I manged to secure a couple of interviews one was with an Educational company and the other with a company who seemed to be taking over the world. I was nervous as it was the first interviews I had had in over 18 years, what do I wear? What do I say? What if I don’t present myself in the correct manner? What if they don’t understand what I am saying? I had nothing to worry about as the interview was happening I sat there thinking I don’t want this job, the 3 women who interviewed me didn’t really give me a good feeling or make me feel welcome.
The other interview was a totally different experience it was a company who were taking over the Army recruit, so I knew the topic well, I knew my experience within the forces and the careers office would hold me in good stead don’t get me wrong I was still nervous. The interview went well and I felt comfortable and felt that the two-people interviewing me had a real interest in me and what I had been doing in the past 18-19 years. I got the job and I felt a world of worry lift of my shoulders. Now to find somewhere to live and sort out moving as I was moving over 200 miles to a new location where I didn’t really know anyone except my brother who was in the Army in the area, and there was the little matter of asking to be realised a month earlier from the RAF so I could start the job when the company wanted me too, it was granted I mean they couldn’t really say No as they are the ones who didn’t want me.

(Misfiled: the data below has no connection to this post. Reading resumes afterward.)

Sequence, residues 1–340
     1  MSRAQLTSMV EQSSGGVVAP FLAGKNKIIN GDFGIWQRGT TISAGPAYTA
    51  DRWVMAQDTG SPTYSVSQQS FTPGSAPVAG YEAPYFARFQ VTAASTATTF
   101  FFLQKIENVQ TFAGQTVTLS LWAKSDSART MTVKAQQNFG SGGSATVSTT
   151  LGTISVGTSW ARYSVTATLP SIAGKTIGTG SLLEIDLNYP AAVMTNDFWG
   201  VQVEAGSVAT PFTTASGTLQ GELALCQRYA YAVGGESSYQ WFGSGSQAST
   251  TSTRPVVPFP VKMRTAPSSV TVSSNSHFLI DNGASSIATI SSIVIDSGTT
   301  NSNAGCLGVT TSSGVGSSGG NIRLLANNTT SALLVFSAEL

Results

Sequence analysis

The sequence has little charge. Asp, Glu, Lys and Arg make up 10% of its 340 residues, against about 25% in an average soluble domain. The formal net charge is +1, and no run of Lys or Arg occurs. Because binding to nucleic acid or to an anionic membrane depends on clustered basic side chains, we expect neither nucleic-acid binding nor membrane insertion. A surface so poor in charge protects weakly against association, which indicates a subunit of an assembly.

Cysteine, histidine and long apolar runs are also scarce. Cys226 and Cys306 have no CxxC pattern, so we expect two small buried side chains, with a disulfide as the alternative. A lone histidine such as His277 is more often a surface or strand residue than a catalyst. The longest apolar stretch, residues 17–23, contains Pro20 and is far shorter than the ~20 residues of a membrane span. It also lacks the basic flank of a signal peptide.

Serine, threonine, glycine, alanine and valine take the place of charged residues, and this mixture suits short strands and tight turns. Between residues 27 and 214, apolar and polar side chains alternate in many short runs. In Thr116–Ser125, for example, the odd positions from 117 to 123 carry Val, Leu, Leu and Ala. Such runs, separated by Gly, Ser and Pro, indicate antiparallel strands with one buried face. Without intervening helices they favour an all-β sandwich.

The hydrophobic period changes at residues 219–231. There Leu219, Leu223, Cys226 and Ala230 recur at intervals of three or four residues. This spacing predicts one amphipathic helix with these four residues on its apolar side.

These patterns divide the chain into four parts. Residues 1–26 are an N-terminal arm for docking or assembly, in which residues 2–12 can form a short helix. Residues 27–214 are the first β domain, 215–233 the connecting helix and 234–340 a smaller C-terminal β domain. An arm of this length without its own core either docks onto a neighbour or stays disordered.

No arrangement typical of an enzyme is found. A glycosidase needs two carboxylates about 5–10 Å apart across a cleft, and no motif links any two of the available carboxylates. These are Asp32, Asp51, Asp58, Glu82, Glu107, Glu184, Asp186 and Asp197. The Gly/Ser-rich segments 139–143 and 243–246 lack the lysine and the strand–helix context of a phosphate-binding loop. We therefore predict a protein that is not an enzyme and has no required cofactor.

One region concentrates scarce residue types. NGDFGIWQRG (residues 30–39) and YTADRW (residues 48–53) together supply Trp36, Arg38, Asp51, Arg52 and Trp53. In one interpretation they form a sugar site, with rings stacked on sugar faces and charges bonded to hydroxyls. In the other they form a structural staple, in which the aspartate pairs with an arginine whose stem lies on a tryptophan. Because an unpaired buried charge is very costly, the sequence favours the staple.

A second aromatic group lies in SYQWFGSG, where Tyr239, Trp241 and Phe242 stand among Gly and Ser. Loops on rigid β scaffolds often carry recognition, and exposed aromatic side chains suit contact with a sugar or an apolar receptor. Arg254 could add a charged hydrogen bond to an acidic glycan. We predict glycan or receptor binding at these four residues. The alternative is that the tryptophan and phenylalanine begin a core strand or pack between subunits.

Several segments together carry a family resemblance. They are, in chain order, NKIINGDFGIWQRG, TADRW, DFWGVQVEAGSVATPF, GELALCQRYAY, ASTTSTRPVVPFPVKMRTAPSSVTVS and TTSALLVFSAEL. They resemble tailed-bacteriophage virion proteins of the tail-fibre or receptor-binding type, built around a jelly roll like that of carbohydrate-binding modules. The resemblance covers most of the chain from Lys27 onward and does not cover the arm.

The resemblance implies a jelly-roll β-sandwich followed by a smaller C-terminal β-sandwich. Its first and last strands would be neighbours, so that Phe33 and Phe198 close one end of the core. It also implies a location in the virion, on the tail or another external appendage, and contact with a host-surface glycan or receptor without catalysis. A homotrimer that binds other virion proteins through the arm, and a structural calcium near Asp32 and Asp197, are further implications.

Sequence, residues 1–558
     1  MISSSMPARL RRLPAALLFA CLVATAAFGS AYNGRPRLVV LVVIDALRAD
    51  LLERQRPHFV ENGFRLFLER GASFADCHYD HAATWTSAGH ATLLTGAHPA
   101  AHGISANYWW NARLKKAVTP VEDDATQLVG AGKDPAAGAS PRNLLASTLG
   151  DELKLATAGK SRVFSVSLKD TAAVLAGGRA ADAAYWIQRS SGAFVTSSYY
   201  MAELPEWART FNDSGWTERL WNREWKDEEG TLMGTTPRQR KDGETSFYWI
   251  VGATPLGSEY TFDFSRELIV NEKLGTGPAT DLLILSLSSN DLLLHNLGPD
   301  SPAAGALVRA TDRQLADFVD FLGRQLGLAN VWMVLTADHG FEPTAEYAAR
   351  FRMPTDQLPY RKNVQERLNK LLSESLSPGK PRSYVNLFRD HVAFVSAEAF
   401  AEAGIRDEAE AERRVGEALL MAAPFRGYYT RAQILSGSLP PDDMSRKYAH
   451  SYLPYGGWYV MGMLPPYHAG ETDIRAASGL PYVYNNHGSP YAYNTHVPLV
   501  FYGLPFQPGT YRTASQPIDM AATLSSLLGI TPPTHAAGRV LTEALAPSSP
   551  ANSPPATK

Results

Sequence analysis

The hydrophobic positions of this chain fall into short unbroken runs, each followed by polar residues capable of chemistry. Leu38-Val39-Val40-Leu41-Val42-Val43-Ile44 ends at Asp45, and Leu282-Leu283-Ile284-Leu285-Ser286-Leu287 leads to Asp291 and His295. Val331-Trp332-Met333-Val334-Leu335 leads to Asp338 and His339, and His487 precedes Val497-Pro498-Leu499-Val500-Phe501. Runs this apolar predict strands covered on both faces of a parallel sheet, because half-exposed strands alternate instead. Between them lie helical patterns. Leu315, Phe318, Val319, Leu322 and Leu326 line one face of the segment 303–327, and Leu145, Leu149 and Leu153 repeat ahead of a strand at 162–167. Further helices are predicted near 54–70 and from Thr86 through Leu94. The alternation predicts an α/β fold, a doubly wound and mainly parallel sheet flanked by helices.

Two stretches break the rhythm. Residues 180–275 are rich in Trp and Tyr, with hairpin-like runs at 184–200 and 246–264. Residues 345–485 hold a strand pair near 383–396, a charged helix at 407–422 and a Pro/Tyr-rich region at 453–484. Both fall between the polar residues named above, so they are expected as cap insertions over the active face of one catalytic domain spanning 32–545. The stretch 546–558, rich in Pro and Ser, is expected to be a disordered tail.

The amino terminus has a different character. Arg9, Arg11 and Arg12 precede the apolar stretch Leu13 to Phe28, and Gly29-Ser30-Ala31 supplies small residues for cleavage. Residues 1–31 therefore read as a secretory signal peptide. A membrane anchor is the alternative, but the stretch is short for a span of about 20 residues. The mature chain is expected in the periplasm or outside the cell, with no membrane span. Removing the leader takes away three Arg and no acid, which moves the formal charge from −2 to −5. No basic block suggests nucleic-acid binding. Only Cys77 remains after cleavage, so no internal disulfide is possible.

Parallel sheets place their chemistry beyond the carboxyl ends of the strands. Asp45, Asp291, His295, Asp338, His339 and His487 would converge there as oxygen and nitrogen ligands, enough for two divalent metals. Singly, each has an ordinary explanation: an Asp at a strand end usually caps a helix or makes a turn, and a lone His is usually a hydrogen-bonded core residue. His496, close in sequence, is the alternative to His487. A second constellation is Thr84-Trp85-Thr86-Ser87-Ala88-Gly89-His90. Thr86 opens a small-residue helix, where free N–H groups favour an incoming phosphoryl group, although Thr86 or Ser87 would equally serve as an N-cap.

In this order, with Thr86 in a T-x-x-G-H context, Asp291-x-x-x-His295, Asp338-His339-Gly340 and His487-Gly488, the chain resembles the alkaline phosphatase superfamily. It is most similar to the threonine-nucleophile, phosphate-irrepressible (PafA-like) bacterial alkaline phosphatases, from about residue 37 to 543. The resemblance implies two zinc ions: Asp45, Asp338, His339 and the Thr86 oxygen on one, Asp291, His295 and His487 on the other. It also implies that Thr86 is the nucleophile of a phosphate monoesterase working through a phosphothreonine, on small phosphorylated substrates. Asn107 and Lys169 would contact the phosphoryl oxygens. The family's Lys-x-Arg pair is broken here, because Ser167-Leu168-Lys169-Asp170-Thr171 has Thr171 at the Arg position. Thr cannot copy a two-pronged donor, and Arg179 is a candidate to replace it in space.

I left the careers office on February 3 2013, and moved in to a small coach house 200 miles away. Thankfully my brother was onhand to help me settle in, I’m sure him and his wife were sick of the sight of me. I followed them everywhere to start with I didn’t know anyone else. I started my first civilian job on March 11 2013 and that first day I was so nervous. Everyone else in my team had started the week before so they had bonded how would they feel with a new person in the mix? I remember walking in the room and I was introduced to everyone, instantly I felt I didn’t belong and wanted to leave it didn’t help when the girl I got sat next to turned away from me and made sure I was left out of conversations. No one asked who I was, where I had come from, what had I been doing before going there? No one was interested and I was made to feel unwelcome, I was shocked that this was the way civilians treated people who had served their country.
Thank you, Debbie, for your blog and for sharing your pain and worries. I also had a terrible experience with a recruitment agency who made me feel small and inadequate, the lady spoke to me like dirt and when I told her not to, she blamed my 12 years in the Army for speaking up. Some people will snap you up and employ you, some people will not and have a bit of a bad attitude to ex-forces, maybe because of what we are made of makes them feel inadequate. Who knows.